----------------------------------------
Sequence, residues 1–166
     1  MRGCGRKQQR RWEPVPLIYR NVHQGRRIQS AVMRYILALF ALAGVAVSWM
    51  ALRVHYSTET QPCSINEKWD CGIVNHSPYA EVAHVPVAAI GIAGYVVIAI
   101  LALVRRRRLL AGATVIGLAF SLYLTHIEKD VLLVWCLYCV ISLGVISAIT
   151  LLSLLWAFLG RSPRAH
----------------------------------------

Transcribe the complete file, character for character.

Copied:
Sequence, residues 1–166
     1  MRGCGRKQQR RWEPVPLIYR NVHQGRRIQS AVMRYILALF ALAGVAVSWM
    51  ALRVHYSTET QPCSINEKWD CGIVNHSPYA EVAHVPVAAI GIAGYVVIAI
   101  LALVRRRRLL AGATVIGLAF SLYLTHIEKD VLLVWCLYCV ISLGVISAIT
   151  LLSLLWAFLG RSPRAH